A word w is called synchronizing (magic, recurrent, reset, directable) word of an automaton if w sends all states of the automaton on an unique state.


Cerny problem:



Jan Cerny had found in 1964 n-state complete DFA with shortest synchronizing word of length (n-1)2. The Cerny conjecture states that it is an upper bound for the length of the shortest synchronizing word for any n-state automaton.


 Lower bound (n-1)2 Cerny 1964,   

 Upper bound (n3-n)/6 :  Frankl, 1982, Kljachko, Rystsov, Spivak, 1987




An effective semigroup algorithm, mostly quadratic found all examples on the Cerny border for n<11, q<3 and n<8, q<5 (q - alphabet size)



The set of n-state complete DFA (n>2) with minimal reset word of length (n-1)2 contains only the sequence of Cerny and the eight automata mentioned above, 15 of size 3, 15 of size 4, one of size 5 and one of size 6.


Road coloring:

A synchronizing word of a deterministic automaton is a word in the alphabet of colors (considered as letters) of its edges that maps the automaton to a single state.  A coloring of edges of a directed graph is synchronizing if the coloring turns the graph into a deterministic finite automaton possessing a synchronizing word.


The road coloring problem is the problem of synchronizing coloring of a directed finite strongly connected graph with constant outdegree of all its vertices if the greatest common divisor of lengths of all its cycles is one. The problem was posed by Adler, Goodwyn and Weiss in 1970 and evoked noticeable interest among the specialists in the theory of graphs, deterministic automata, coding and symbolic dynamics.


 The road coloring problem is important in automata theory: a synchronizing coloring makes the behavior of an automaton resistant against input errors since, after detection of an error, a synchronizing word can reset the automaton back to its original state, as if no error had occurred. The problem appeared first in the context of symbolic dynamics. Together with the Cerny conjecture the road coloring problem was belong to the most fascinating and longstanding problems in the theory of finite automata. The problem was discussed in "Wikipedia" - the popular Internet Encyclopedia. However, at the same time it proved to be hard and was considered in some papers as a "notorious open problem".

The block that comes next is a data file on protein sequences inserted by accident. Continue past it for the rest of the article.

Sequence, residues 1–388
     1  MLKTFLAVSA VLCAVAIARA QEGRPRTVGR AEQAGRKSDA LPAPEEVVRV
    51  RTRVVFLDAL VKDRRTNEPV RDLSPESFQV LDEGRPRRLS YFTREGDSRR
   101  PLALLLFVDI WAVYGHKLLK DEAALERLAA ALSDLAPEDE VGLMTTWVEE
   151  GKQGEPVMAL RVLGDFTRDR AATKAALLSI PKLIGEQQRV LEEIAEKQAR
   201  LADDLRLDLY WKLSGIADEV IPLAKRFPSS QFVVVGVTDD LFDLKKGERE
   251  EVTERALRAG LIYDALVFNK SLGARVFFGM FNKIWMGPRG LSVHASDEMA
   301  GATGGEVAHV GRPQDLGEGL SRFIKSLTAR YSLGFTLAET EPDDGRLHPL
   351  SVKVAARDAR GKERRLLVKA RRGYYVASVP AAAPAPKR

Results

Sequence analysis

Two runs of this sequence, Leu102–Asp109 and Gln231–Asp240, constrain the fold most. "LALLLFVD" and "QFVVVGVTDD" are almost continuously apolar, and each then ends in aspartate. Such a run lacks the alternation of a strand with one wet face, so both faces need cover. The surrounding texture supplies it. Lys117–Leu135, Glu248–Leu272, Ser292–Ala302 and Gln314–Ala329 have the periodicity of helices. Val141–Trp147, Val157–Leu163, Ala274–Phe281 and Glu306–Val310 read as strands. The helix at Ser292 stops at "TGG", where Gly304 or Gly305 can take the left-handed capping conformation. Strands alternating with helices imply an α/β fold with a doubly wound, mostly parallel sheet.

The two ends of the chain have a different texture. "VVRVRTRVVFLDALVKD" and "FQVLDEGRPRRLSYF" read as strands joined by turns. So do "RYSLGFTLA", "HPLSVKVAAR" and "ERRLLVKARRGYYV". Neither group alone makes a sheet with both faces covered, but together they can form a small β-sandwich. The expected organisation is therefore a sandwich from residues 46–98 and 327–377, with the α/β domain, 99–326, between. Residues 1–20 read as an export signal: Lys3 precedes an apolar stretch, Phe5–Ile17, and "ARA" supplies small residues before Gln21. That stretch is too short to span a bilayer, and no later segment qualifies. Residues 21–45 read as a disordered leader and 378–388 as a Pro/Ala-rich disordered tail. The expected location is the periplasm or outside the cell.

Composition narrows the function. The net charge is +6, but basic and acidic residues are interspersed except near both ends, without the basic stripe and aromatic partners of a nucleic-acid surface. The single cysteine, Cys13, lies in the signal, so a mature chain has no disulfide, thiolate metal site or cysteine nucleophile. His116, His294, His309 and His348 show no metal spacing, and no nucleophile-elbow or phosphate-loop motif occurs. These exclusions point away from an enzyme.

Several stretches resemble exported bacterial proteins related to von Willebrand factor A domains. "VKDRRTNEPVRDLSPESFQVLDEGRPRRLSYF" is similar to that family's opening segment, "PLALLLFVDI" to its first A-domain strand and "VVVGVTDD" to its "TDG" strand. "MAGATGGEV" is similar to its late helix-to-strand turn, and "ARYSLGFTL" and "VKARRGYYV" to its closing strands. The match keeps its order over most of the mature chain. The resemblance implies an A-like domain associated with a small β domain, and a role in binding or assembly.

The recent positive solution of the road coloring conjecture (Trahtman, 2007) has posed a lot of generalizations and new problems.



Power Point Report of the proof on road coloring



A subquadratic algorithm of the road coloring was implemented in the package TESTAS.   The program changed the labels (colors) on edges of the automaton for to turn it into synchronizing automaton. The input automaton must be deterministic (no empty cells  in input). The search (input) table is considered as an automaton with an arbitrary coloring (sometimes even synchronizing). One can see a visual presentation of the graph of the automaton.


A high-speed linear algorithm of the visualization of the graph.
Labels on arcs are presented by colors of the arcs. Strongly connected components, cycles and paths are seen on the layout.

Graphs with maximal length of synchronizing word (n-1)2. Cerny for n states (here n=8) 2 colors; Kari: 6 states, 2 colors, Roman: 5 states, 2 colors; two found by Testas: 4 states, 3 colors; Ceny_Piricka_Rozenaurova: 4 states, 2 colors; three found by Testas: 3 states, 3 and 2 colors

Near maximal length of synchronizing word


1-st line     length=22 for n=6, 4 colors       length=31 for n=7, 3 colors                length=74 for n=10, 2 colors

2-nd line    length=30 for n=7, 4 colors       length=42 for n=8, 3 colors                 length=92 for n=11, 2 colors                      



 There is a deep connection between problems in string pattern matching and finite automata. A number of classical algorithms in everyday use in text editors actually compute finite automata from descriptions of patterns as regular expressions. The class of languages arising from here is the class of locally testable languages and their generalizations.
 The concept of local testability is connected with languages, finite automata, graphs and semigroups.
 Locally testable automata have a wide spectrum of applications.

 The package contains a set of procedures for deciding whether or not a language given by transition graph or by transition semigroup of its automaton is locally testable, left [right] locally testable, threshold locally testable, bilateral locally testable or piecewise testable .
The bounds for the order of local testability of transition graph and order of local testability of transition semigroup are also found.
The k-testability of transition graph is verified for arbitrary k.
Strictly locally testable automata and their order are checked.
The local idempotency is verified on the transition graph of the automaton.
Synchronizability of transition graph of automaton is verified and some synchronizing words of short (and of minimal) length are found.
The syntactic semigroup is constructed from the transition graph of the automaton. The complexity of the algorithms is polynomial.

Some definitions

Local testability, Threshold local testability

Left, Right local testability

Piecewise testability

Verification Tools

Paper in postscript file
A package TESTAS for checking some kinds of testability.

   TESTAS on several prominent CONFERENCES 

Download TESTAS (zip file, about 200 KB), the freeware version of the package TESTAS for checking some kinds of testability, finding synchronizing words and road coloring  for WINDOWS. 

      The package includes three main programs. They

1) analyze an automaton of the language presented as oriented labeled graph;
2) find syntactic semigroup of the language,

3) find road coloring of directed complete graph,

4) view visual image of the graph (and its subgraphs),

5) check the synchronizabity, find synchronizing words.